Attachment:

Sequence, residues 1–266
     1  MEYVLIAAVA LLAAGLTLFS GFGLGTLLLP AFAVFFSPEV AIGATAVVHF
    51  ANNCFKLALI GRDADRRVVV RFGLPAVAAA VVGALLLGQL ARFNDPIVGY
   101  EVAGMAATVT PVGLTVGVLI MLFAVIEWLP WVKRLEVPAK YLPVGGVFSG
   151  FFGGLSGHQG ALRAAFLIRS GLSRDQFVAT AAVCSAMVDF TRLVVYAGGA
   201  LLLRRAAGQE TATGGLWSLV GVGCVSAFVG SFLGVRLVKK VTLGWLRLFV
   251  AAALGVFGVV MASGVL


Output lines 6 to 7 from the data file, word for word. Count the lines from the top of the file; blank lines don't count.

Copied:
   201  LLLRRAAGQE TATGGLWSLV GVGCVSAFVG SFLGVRLVKK VTLGWLRLFV
   251  AAALGVFGVV MASGVL